How COVID-19 has created ‘the great epiphany’ on skills
Sean Higgins, Assistant Professor of Finance at the Kellogg School of Management at Northwestern University, could not have said it better. The World Economic Forum (WEF) calls the post-COVID era a ‘great reset’. Businesses across the world have focused on the ‘what could be’, and have made huge changes in creating a new normal of opportunities. A recent research shows that 64 percent accelerated process automation, 60 percent adjusted their approach to change management, and 55 percent made permanent changes to organization strategy.
Amidst these sweeping changes, skills will play a reimagined role to become an integral part of business transformation. And herein lies the great epiphany for organizations. Skills must be developed as a holistic amalgamation of competencies to protect businesses and societies against future shocks and create better corporate citizens.
The business-society cohesion - the vital key for a sustainable normal
Let’s look at the trends that will rule the future of work - climate change, demographic shifts, rising role of technology, globalization of supply chain, etc. To be successful in this new era, one needs a comprehensive umbrella of discerning capabilities to enhance employability and productivity. They include:
- Cognitive skills, or the ability to understand complex ideas, adapt effectively to the environment and learn from experience and reason. This encompasses foundational literacy and numeracy as well as creativity, critical thinking, and problem-solving.
- Socio-emotional skills, or the ability to effectively navigate interpersonal and social situations. These include leadership, teamwork, self-control, and grit
- Technical skills, or the acquired knowledge, expertise, and interactions needed to perform a specific task and deploy the right resources, tools and technologies
- Digital skills, which are cross-cutting and draw on all of the above skills. They determine the ability to safely and appropriately access, manage, understand, integrate, communicate, evaluate, and create information and insights.
The coming together of all these skills will provide the critical cohesion between business and society to weave the fabric of sustainable growth.
For the Indian economy, a dual challenge
According to ILO estimates, 75 percent of workers across the globe belong to the informal economy, which accounts for 40 per cent of the world’s GDP. India is home to a large informal sector, comprising about 80 per cent of the labour force and contributing 50 percent to its GDP. The country faces the double challenge of a shortage of workforce, plus non-employability of large sections of the youth due to lack of appropriate work skills. As per industry surveys, only about 10 percent of the 470 million working population in India receive training or access to skilled employment opportunities.
Indian organizations must therefore look at the development of competencies as a way to enable the Indian workforce to move from an informal economy to employment in the formal economy. Skilling systems and policies must reach and empower the huge bank of our informal workforce to create jobs of higher quality. This will lead to poverty reduction, social inclusion, competitiveness in international markets and respect for labour rights.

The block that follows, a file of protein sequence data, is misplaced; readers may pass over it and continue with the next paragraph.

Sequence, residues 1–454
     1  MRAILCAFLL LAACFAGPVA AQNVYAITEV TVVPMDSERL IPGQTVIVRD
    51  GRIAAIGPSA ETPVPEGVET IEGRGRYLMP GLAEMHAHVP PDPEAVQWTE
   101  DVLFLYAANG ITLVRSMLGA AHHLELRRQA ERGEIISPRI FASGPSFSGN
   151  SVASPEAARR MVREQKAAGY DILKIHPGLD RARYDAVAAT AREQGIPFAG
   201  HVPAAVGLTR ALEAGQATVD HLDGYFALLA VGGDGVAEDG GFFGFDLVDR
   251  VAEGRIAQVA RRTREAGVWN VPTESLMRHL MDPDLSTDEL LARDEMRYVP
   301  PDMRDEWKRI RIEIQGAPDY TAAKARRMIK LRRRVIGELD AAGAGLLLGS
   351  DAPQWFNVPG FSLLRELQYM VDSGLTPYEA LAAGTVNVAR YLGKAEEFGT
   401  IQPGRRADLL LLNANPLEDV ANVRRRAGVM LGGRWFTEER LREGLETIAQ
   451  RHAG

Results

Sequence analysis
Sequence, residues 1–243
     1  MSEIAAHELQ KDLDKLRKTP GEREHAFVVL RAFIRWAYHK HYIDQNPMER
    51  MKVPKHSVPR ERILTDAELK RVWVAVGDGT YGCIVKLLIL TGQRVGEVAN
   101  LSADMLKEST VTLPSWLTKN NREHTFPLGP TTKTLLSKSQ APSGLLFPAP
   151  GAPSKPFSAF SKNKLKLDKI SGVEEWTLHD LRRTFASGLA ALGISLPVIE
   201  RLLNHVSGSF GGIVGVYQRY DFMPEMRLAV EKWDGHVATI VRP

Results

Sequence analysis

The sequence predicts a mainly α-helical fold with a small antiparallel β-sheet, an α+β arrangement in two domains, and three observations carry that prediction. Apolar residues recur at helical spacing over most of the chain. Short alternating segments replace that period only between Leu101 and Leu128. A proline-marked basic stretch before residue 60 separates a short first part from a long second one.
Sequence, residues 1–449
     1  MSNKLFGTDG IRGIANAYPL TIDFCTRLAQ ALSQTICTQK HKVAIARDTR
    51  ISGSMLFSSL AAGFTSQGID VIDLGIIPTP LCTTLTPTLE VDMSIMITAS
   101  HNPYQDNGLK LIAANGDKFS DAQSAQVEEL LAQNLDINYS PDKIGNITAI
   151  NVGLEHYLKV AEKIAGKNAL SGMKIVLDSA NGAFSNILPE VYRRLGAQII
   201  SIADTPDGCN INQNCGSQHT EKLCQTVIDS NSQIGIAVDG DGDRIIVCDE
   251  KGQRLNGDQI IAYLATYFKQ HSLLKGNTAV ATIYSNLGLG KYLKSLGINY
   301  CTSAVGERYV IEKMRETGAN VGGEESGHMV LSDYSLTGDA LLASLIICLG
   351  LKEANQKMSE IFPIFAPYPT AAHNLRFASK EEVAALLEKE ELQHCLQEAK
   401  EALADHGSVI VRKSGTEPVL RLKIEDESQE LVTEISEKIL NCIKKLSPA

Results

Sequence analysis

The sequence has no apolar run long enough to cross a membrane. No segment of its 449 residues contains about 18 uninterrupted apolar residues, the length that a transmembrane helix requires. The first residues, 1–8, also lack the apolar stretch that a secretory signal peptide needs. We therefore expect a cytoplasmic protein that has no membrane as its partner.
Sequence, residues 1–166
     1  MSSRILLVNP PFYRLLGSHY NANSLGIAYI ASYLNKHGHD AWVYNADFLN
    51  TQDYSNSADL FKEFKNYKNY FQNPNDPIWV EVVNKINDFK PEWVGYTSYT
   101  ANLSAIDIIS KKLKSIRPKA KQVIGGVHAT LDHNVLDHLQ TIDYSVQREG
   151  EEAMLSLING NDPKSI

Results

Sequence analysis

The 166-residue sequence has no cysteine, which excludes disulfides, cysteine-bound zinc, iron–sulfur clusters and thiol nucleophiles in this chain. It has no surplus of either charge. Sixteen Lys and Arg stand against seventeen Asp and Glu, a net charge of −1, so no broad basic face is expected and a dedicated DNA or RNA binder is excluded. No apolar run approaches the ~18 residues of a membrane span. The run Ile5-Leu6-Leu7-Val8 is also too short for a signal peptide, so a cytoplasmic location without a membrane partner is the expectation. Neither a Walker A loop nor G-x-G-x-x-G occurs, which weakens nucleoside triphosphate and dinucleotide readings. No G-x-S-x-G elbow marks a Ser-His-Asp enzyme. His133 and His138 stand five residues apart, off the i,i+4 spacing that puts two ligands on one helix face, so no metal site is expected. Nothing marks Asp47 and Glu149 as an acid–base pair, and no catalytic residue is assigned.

The future is digital, but it has to be human-centered
Undoubtedly, we are moving into a digital-first world. It was technology that enabled organizations to step ahead with confidence and success during the thick of the pandemic, and business leaders today trust technology to deliver faster and better impact. AI, IoT, blockchain, and cloud are attracting higher investments – and naturally, technical skills in these areas will be in demand.
This said, Randstad India’s Future of Work 2021 Report provides a deep insight – employers value soft skills over technical skills. Upskilling to stay relevant will be vital as technology advances, and functional expertise will remain fundamental, but it will be soft skills that will determine how employees put technical and functional skills to use, and how they will lead their teams with resilience. In short, organizations need to ensure that their people are both upskilled and cross-skilled to be adept and adaptable to the rapid march of technology disruption.
COVID-19 has been a painful reality, but it has also presented us with lessons and opportunities to build better businesses for a better world. Organizations have discovered just how important it is to be adaptable and ready to respond to the unforeseen, the unanticipated and the unexpected. Acceleration, disruption and change are here to stay, and we must build newer skills and capabilities in crisis management, cost management, agility, resilience, and innovation. A reimagined approach to skilling, reskilling and upskilling must emerge. The diverse workforce must be treated as a flexible whole, rather than only seeing each employee in a set role. This will transform the workforce from within, and give organizations a proactive advantage to emerge stronger.